The Invisible Bridge

by Rick Perlstein


This chapter in Rick Perlstein’s chronicle of the modern conservative movement picks up where Nixonland left off, after the infamous Watergate break-in but before the Nixon administration’s crimes were revealed publicly. While Perlstein continues that story, through Congressional investigation and Nixon’s eventual resignation, The Invisible Bridge isn’t really about Nixon. Rather, it’s about the transition in conservative leadership from Nixon to future President Ronald Reagan.

When I read Nixonland a few years ago, I thought it was probably one of the most interesting non-fiction books I’d ever read. Perlstein’s narrative tells the parallel stories of Nixon’s rise to power and the nation’s ever-growing cultural divide in a way that makes his point clear: these two stories are one story. Nixon was adept at using social change for his own purposes, and he contributed in large part to our perception of the 1960’s to this day. (This, pretty much.) Reading Nixonland as a young gun who never lived through that decade, I figure it’s the closest I can get to understanding the feel of the era without having been there. Perlstein’s writing has this visceral quality that can take you back in time without making it seem like you’re travelling to a completely foreign land. His Nixon-era America is striking and familiar at the same time.

Perlstein paints an amazing portrait of Nixon, as well. Even through all the sliminess, Nixon comes across as a great intellect and a strong-willed leader. While he might not exactly be persevering- more than once, he quits politics after losing an election- he’s a man of energy and passion. These attractive qualities helped him to inspire the kind of loyalty that led his underlings to carry out undemocratic and criminal acts, and to subsequently go to jail for them. We tend to remember the Richard Nixon who looked sweaty and unshaven on TV, who seemed out of touch with his era, and who seemed to disdain American democracy, but Perlstein makes Nixon into a very impressive figure.

This leads me to the first difference I noticed between Nixonland and The Invisible Bridge: Perlstein’s utter contempt for Ronald Reagan. Reading Nixonland, you can tell that he has a grudging sort of respect for Richard Nixon, both as a man and as a leader. He respects Reagan as neither. The Invisible BridgeAs a Democrat myself, I’m sympathetic to the idea that Reagan was not the superhero that he’s made out to be in the media, and that his brand of conservatism has darker foundations than we typically like to think about, but even I found myself wondering whether he’s being given a fair shake in this book. Perlstein’s Reagan is a born charlatan, lying to himself and to others because a better story was always more true than the facts could ever be.

I do think that character matters in politics, but it doesn’t seem accurate to try to paint a picture of Reagan, or anyone for that matter, using cherry-picked examples from every stage of his life. I don’t mean to imply that Perlstein uses anything out of context, since he’s generally very careful to provide as much context as possible, but I think he might be conveniently leaving a few things out. For example, I think it’s highly suspect that Perlstein’s Reagan never acts altruistically. Are we expected to believe that  Reagan’s never done anything with pure motives? Do anecdotes from his youth really reveal anything about his character? Does tweaking a story for different audiences make him a pathological liar? According to Perlstein, yes, yes, and yes.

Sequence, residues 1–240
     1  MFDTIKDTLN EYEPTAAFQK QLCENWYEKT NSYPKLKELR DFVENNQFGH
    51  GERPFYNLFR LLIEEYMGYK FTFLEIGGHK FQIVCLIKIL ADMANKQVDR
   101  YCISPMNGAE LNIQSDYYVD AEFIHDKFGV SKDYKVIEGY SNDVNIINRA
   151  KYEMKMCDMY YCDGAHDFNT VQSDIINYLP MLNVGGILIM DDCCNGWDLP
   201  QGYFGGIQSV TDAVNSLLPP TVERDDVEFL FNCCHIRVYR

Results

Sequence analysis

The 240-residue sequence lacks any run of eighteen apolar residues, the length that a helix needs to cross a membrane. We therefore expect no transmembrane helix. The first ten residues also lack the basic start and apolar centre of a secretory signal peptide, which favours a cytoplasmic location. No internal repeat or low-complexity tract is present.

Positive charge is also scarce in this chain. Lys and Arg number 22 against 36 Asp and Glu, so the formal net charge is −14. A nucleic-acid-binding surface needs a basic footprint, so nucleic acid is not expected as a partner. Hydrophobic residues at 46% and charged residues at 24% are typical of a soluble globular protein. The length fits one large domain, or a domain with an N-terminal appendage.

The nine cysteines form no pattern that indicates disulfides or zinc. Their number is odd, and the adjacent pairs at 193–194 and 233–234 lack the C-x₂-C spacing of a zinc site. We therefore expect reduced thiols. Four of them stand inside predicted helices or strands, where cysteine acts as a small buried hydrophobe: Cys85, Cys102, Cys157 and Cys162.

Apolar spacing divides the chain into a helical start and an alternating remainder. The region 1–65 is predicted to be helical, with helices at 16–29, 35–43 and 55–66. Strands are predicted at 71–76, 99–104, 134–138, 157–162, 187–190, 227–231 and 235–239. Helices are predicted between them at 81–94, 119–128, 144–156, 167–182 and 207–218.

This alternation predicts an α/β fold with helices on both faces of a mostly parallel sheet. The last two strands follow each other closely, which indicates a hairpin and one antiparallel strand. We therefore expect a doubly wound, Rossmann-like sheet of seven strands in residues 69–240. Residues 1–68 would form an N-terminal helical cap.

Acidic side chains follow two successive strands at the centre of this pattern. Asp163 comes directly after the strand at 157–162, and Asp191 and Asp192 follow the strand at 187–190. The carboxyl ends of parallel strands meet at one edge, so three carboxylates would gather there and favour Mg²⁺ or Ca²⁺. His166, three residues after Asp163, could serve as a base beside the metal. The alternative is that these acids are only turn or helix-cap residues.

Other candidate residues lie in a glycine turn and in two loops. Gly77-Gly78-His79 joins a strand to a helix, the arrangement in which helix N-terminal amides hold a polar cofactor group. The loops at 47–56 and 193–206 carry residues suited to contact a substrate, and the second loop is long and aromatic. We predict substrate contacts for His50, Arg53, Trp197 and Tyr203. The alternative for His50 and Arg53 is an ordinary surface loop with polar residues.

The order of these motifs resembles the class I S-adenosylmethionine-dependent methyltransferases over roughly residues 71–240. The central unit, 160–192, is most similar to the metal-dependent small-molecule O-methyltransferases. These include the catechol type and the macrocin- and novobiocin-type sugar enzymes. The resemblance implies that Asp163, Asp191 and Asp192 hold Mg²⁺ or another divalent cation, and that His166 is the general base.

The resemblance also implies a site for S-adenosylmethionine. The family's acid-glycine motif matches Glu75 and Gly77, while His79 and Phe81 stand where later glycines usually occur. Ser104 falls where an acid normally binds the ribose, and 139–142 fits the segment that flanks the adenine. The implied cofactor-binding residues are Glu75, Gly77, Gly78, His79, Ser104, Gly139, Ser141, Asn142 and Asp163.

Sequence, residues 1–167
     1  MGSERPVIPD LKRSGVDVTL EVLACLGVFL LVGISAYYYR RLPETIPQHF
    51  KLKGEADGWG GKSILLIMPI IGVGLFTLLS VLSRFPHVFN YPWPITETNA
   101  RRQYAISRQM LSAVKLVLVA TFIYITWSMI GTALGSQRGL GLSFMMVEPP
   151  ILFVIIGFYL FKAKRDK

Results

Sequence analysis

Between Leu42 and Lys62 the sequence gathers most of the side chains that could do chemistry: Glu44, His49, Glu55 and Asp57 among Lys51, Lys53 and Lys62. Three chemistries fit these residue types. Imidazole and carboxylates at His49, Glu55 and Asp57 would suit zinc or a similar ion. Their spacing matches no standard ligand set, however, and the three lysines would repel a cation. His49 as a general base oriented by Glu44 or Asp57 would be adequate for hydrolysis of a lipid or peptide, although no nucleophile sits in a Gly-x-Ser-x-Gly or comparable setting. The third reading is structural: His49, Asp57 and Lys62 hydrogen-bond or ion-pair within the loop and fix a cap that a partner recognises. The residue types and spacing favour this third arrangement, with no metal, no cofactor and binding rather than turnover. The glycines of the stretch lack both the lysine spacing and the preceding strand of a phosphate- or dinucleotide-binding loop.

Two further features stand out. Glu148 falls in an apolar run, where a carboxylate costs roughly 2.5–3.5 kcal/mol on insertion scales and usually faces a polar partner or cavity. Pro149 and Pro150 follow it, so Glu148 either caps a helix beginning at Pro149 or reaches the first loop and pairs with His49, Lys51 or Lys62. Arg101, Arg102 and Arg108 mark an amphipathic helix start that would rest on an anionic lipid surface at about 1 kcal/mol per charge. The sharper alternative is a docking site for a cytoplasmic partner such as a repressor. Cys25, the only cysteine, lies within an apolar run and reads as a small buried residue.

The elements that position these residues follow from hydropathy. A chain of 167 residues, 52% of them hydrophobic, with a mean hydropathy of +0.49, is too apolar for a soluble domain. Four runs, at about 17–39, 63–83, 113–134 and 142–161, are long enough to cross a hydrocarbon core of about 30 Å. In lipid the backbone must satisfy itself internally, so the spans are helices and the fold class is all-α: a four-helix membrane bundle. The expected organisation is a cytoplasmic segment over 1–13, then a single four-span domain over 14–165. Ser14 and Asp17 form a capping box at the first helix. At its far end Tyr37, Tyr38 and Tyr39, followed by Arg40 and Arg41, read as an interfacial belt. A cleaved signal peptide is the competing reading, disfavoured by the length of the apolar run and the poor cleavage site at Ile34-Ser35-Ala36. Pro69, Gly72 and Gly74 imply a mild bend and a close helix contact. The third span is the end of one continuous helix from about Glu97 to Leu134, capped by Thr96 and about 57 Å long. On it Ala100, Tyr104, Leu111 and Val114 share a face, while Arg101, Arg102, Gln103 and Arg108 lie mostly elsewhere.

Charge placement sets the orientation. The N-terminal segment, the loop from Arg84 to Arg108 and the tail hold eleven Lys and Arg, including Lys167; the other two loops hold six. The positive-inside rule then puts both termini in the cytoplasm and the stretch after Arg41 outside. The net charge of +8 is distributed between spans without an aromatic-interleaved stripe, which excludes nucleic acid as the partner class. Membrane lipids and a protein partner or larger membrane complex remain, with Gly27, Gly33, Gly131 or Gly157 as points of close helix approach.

Another thing that bothered me this time around was Perlstein’s use of real events as snapshots or microcosms of the contemporary national mood. Reading Invisible Bridge earlier this summer, I couldn’t help but do try to do this myself, and it turned out something like this:

“Meanwhile, America was tearing itself up over identity issues. A simmering activist movement known as Black Lives Matter, formed to protest violence and police brutality in minority communities, was courting controversy and causing white people to wonder whether their lives were valued in America anymore. A woman named Rachel Dolezal, a Spokane-based leader of the NAACP, was revealed to be a white woman passing as black. Sexuality and gender, too, all of a sudden seemed fluid. Bruce Jenner, celebrated Olympian, reality TV star, head of the infamous Kardashian clan, came out as a woman named Caitlin. And on June 26, the Supreme Court of the United States legalized same-sex marriage across the land. Whether you were looking at the New York Times or the New York Post, all you could see was a society that was becoming less recognizable by the day. You were afraid that you might wake up tomorrow and not recognize yourself in the mirror.”

See what I mean? It’s easy to start with some facts, mix in some commentary, and produce an anecdote presenting opinion as absolute truth. Were those things going on this past summer? Well, yea. Are the issues related? Some of them, sure. Does it really represent our time period? Maybe, maybe not. If you’re reading a passage like that fifty years from now, who are you to say? Nothing in that passage is inaccurate.